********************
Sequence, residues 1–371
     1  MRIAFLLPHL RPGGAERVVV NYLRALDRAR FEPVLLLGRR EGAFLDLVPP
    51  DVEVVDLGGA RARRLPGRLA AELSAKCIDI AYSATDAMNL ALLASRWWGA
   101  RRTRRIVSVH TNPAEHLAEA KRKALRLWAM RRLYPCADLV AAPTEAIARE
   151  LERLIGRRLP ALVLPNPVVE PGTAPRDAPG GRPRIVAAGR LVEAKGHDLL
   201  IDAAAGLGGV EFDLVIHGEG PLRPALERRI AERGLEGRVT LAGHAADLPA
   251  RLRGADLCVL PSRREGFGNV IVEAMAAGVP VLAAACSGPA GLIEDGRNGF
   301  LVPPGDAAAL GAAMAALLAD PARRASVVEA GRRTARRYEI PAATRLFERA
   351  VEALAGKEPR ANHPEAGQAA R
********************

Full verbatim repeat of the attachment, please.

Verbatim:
Sequence, residues 1–371
     1  MRIAFLLPHL RPGGAERVVV NYLRALDRAR FEPVLLLGRR EGAFLDLVPP
    51  DVEVVDLGGA RARRLPGRLA AELSAKCIDI AYSATDAMNL ALLASRWWGA
   101  RRTRRIVSVH TNPAEHLAEA KRKALRLWAM RRLYPCADLV AAPTEAIARE
   151  LERLIGRRLP ALVLPNPVVE PGTAPRDAPG GRPRIVAAGR LVEAKGHDLL
   201  IDAAAGLGGV EFDLVIHGEG PLRPALERRI AERGLEGRVT LAGHAADLPA
   251  RLRGADLCVL PSRREGFGNV IVEAMAAGVP VLAAACSGPA GLIEDGRNGF
   301  LVPPGDAAAL GAAMAALLAD PARRASVVEA GRRTARRYEI PAATRLFERA
   351  VEALAGKEPR ANHPEAGQAA R